GEO2136 : Global Environmental Change
GEO2136 : Global Environmental Change
- Offered for Year: 2023/24
- Module Leader(s): Dr Louise Callard
- Lecturer: Dr Christine Batchelor, Dr Mark Kincey
- Owning School: Geography, Politics & Sociology
- Teaching Location: Newcastle City Campus
Your programme is made up of credits, the total differs on programme to programme.
|Semester 2 Credit Value:||20|
|European Credit Transfer System|
Modules you must have done previously to study this module
Pre Requisite Comment
Modules you need to take at the same time
Co Requisite Comment
• To develop an understanding of global environmental change during the Quaternary.
• To develop an awareness of geological time and the evolution of the Earth's natural systems.
• To understand how natural system change is deciphered using the tools of modern science for palaeoenvironmental investigation.
• To provide broad grounding in knowledge and skills necessary for Stage 3 modules palaeoenvironmental modules and dissertations.
Outline Of Syllabus
The module will be delivered by means of lectures and practical sessions. Lectures will deliver the knowledge base while practicals with give hands-on experience of a range of proxies useful in palaeoenvironmental reconstruction, and in the analysis of geochronological and palaeoenvironmental datasets.
Themes explored in the module include:
• Introduction to the Pleistocene: Establishing a broad global framework using isotopic records from the oceans.
• Ice-core proxies and millennial-scale change.
• Establishing land-ocean correlation: An introduction to geochronology.
• Continental Records: Interpreting the sedimentary record of the “Cold Stages”.
• Continental Records: Interpreting the palaeoecological records of the “Warm Stages”.
• Reconstructing Environmental Change during the Pleistocene-Holocene transition
• Introduction to the Holocene: climate, environment, human development and impacts.
• Proxy records of Holocene environmental change.
• Early Holocene climate and environmental change: LG-Holocene transition, vegetation change and sea- levels, human adaptation during the Mesolithic.
Intended Knowledge Outcomes
At the end of this module you will be able to demonstrate:
• A basic understanding of how our climate and natural systems operate and how they change through time.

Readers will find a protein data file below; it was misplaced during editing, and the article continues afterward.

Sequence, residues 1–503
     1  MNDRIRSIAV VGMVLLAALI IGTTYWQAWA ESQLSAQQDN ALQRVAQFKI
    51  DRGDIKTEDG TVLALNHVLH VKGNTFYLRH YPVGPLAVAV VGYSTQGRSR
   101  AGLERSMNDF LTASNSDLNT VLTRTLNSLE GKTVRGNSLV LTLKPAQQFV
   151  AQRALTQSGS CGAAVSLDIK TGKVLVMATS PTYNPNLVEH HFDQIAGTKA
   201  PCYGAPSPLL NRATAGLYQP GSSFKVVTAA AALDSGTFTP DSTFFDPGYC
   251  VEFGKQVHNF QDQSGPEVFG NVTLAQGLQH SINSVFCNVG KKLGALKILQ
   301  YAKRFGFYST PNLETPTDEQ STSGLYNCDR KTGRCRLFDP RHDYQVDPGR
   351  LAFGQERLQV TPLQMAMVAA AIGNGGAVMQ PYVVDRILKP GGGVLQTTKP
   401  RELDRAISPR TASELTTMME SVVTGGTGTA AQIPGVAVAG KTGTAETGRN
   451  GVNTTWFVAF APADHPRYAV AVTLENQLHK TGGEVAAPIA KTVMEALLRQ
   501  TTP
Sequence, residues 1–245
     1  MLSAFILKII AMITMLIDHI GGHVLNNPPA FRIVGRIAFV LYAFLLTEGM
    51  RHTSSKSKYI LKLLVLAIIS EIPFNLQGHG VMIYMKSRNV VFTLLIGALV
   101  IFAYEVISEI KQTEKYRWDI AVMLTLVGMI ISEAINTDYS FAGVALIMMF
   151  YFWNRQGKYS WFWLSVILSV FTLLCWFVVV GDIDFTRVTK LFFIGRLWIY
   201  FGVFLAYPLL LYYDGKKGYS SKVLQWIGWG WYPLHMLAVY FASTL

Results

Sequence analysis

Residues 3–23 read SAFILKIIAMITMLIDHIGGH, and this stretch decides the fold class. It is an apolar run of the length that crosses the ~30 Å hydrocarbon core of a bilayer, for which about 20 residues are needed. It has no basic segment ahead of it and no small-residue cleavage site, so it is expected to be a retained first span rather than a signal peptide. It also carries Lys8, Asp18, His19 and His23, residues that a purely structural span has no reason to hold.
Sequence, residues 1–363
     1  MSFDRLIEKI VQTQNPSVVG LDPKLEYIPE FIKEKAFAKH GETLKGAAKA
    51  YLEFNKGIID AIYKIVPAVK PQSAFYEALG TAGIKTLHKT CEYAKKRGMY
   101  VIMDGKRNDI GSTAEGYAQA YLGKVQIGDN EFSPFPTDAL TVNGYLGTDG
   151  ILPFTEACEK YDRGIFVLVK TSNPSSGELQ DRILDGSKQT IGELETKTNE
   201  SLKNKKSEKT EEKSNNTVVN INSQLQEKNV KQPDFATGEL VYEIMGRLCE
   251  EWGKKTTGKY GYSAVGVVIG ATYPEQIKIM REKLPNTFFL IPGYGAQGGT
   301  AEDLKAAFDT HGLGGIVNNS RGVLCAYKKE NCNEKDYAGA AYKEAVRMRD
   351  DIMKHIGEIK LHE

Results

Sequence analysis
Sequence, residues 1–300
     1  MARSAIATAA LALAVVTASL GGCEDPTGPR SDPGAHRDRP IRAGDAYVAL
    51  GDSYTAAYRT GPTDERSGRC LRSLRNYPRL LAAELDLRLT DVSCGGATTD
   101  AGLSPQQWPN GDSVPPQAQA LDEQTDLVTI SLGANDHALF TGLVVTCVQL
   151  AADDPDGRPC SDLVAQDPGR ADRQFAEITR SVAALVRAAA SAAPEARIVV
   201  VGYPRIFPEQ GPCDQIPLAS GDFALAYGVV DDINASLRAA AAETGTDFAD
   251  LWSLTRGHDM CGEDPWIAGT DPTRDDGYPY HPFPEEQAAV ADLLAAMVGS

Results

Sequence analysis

• The ability to infer past (Quaternary to Recent) environmental change by analysing physical, biological and chemical data derived from sedimentary records.
• Ability to identify appropriate analytical methods and data interrogation in relation to modern environments and Quaternary samples and datasets
Intended Skill Outcomes
At the end of this module you will have the:
• Ability to apply appropriate methodology to palaeoenvironmental investigation.
• Ability analyse palaeoenvironmental datasets.
• Ability to present conclusions based upon data analysis.
|Guided Independent Study||Assessment preparation and completion||1||137:00||137:00||N/A|
|Scheduled Learning And Teaching Activities||Lecture||10||2:00||20:00||N/A|
|Guided Independent Study||Assessment preparation and completion||1||30:00||30:00||N/A|
|Scheduled Learning And Teaching Activities||Practical||5||2:00||10:00||N/A|
|Scheduled Learning And Teaching Activities||Drop-in/surgery||3||1:00||3:00||1 scheduled online and 2 pip|
Teaching Rationale And Relationship
Any attempt at successful reconstruction of Quaternary environments requires proficient practical skills surrounding the range of methods employed, underpinned by a significant academic knowledge base which addresses the theory behind the methods and awareness of the wider conceptual and theoretical issues. Here we consider it essential to assess all these elements and to place equal weighting on the practical and more academic skills. The practical / coursework portfolios will assess technical skills including data production and analysis together with the more theoretical and conceptual aspects of palaeoenvironmental reconstruction.
The format of resits will be determined by the Board of Examiners
|Practical/lab report||2||M||50||Individual practical portfolio (2000 words)|
|Essay||2||M||50||Coursework essay (2000 words)|
Assessment Rationale And Relationship
We consider it essential to assess all elements of the module and to place equal weighting on the practical and academic skills. The Practical portfolio will assess technical skills including data production and analysis while the essay will assess the more academic theoretical and conceptual aspects of environmental change during the Quaternary.
The format of resits are determined by the Board of Examiners.
Past Exam Papers
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